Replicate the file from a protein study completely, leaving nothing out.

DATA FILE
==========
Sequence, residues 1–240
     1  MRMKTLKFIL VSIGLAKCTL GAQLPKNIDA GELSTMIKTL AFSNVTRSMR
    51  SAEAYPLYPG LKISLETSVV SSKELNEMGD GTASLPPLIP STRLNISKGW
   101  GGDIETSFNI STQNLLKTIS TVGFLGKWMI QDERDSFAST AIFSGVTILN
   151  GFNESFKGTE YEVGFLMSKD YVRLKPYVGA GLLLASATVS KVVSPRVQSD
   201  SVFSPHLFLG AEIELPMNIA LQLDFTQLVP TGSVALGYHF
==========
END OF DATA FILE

Sequence, residues 1–240
     1  MRMKTLKFIL VSIGLAKCTL GAQLPKNIDA GELSTMIKTL AFSNVTRSMR
    51  SAEAYPLYPG LKISLETSVV SSKELNEMGD GTASLPPLIP STRLNISKGW
   101  GGDIETSFNI STQNLLKTIS TVGFLGKWMI QDERDSFAST AIFSGVTILN
   151  GFNESFKGTE YEVGFLMSKD YVRLKPYVGA GLLLASATVS KVVSPRVQSD
   201  SVFSPHLFLG AEIELPMNIA LQLDFTQLVP TGSVALGYHF